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Histopathology of congenital hyperinsulinism: retrospective study with genotype correlations. Pediatr Dev Pathol 2003 Jul-Aug;6(4):322-33

Date

12/25/2003

Pubmed ID

14692646

DOI

10.1007/s10024-002-0026-9

Scopus ID

2-s2.0-0141650394   59 Citations

Abstract

The majority of the most severe cases of congenital hyperinsulinism (HI) are caused by defects in the beta-cell adenosine triphosphate (ATP)-sensitive potassium channel and usually require pancreatectomy to control blood sugar levels. In contrast to the recent advances in understanding the pathophysiology and genetic bases of HI, the histologic classification of this condition remains controversial. A recent proposal to classify the HI pancreata into diffuse and focal forms has drawn much interest because of its relative simplicity and its good correlation with the genetic abnormalities. We undertook a retrospective study to determine whether this classification scheme could be applied to 38 pancreata resected for HI at our institution. We also obtained leukocyte genomic DNA from 29 cases and screened the exons of ABCC8 and KCNJ11 genes for the presence of mutations. Nineteen cases (50.0%) were histologically classified as diffuse HI and 14 cases (36.8%) were categorized as focal form. The mutational analysis revealed that 14 of the 16 diffuse cases analyzed had either homozygous or compound heterozygous mutations of ABCC8 or KCNJ11 and 7 of 10 focal cases had only the paternally inherited mutations, consistent with the previous observations. Two patients (5.3%) had normal pancreatic histology but had persistent hypoglycemia postoperatively, leaving the possibility of residual focal lesion. Three of 38 cases (7.9%) did not fit well into either diffuse or focal category. Two cases differed from the described pattern for the diffuse form in that the nuclear enlargement was confined to a single area of the pancreas. The other case had a focal lesion but beta-cell nuclear enlargement was present in nonadjacent areas. Mutations for typical diffuse or focal HI were not identified in two of these three equivocal cases. We conclude from this study that nearly 90% of HI cases can be classified into either a diffuse or a focal form. However, a small percentage of cases represented a diagnostic challenge.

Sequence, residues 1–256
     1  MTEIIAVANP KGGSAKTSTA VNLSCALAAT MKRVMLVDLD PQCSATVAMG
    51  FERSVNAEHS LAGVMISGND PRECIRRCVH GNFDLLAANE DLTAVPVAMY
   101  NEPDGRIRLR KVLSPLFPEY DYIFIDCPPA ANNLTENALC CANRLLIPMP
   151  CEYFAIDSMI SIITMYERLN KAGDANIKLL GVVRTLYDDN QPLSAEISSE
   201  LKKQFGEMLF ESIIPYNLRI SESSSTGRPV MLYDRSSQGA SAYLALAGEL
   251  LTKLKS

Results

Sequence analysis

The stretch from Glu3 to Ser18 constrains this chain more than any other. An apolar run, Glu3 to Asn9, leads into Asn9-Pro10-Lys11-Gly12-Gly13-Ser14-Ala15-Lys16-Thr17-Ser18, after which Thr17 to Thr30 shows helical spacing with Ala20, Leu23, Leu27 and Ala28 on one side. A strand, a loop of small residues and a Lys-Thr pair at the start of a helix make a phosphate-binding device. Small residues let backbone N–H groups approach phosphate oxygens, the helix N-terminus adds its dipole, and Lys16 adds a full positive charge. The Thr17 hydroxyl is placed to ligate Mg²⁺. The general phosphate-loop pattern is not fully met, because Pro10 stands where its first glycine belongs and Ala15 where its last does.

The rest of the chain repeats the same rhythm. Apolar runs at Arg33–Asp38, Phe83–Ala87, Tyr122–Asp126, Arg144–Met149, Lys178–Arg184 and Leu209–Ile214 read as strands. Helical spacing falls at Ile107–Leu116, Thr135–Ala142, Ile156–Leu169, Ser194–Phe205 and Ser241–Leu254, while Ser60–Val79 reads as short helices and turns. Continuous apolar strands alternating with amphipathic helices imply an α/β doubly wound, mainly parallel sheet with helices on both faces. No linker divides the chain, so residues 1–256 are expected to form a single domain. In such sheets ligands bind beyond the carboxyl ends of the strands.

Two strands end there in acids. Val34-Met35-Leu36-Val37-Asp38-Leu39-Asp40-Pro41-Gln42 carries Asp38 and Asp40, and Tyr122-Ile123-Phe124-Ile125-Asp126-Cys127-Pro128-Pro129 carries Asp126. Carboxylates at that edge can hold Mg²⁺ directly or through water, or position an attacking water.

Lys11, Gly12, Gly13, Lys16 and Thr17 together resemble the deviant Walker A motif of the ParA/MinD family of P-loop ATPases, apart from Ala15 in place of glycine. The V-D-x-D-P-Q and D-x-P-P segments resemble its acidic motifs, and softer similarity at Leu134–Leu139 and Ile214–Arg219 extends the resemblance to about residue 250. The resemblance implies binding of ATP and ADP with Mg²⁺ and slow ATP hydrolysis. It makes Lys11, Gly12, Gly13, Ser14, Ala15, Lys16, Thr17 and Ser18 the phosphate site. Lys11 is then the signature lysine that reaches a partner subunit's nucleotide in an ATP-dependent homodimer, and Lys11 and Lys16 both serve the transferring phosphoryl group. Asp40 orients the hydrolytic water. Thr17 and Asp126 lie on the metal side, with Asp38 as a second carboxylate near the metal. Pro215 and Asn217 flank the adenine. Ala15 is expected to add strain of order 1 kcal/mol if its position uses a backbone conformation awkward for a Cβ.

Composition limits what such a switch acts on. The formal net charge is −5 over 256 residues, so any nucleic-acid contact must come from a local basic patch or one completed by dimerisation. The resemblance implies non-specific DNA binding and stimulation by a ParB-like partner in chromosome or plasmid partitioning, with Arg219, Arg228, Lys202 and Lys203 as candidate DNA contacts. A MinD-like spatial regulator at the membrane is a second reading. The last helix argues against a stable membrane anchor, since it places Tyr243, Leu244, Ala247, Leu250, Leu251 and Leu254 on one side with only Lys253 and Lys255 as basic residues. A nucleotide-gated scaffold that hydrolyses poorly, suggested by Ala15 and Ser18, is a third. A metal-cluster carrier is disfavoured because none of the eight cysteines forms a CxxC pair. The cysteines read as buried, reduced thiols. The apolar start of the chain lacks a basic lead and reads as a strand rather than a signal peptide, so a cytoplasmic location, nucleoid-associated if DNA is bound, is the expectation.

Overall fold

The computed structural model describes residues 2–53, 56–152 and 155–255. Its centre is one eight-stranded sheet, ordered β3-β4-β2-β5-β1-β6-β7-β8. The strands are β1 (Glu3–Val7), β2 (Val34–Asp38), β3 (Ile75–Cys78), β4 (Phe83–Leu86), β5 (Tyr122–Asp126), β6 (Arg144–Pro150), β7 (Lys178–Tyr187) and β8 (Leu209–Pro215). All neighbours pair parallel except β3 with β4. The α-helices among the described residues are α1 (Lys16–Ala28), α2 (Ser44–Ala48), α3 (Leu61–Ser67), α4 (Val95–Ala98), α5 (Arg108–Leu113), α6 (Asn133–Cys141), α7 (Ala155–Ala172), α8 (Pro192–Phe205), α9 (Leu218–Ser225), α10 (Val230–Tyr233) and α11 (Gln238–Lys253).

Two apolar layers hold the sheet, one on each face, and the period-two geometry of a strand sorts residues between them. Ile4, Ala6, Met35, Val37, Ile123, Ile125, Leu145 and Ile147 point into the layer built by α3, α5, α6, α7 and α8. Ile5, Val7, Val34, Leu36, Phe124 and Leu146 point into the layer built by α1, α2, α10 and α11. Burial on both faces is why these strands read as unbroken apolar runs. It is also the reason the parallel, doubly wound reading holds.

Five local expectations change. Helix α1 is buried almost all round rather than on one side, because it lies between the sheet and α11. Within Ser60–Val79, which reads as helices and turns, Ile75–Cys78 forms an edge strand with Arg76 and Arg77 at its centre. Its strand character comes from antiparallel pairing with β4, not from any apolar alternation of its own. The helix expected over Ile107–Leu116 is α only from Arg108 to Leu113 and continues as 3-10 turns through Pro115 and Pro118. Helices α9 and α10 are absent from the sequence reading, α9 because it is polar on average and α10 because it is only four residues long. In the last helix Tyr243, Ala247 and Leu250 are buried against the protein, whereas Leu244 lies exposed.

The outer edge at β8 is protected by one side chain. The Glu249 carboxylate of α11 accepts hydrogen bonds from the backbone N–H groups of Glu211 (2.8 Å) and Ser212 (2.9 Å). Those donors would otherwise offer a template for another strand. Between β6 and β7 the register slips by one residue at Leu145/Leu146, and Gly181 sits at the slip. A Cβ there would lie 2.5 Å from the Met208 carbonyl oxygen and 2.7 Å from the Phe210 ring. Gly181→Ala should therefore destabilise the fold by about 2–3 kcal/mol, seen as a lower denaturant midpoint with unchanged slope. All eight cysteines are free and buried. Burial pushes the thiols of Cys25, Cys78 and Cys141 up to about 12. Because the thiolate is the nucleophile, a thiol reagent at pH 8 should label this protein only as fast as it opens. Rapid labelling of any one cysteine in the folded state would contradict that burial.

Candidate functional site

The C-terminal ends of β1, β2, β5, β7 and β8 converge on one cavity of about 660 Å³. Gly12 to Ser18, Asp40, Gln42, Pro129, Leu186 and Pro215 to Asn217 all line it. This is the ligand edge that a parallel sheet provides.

Author List

Suchi M, MacMullen C, Thornton PS, Ganguly A, Stanley CA, Ruchelli ED

Author

Mariko Suchi MD, PhD Associate Professor in the Pathology department at Medical College of Wisconsin




MESH terms used to index this publication - Major topics in bold

ATP-Binding Cassette Transporters
Blood Glucose
Case-Control Studies
Genotype
Heterozygote
Homozygote
Humans
Hyperinsulinism
Infant
Infant, Newborn
Mutation
Pancreas
Point Mutation
Potassium Channels
Potassium Channels, Inwardly Rectifying
Receptors, Drug
Retrospective Studies
Sulfonylurea Receptors
jenkins-FCD Prod-482 91ad8a360b6da540234915ea01ff80e38bfdb40a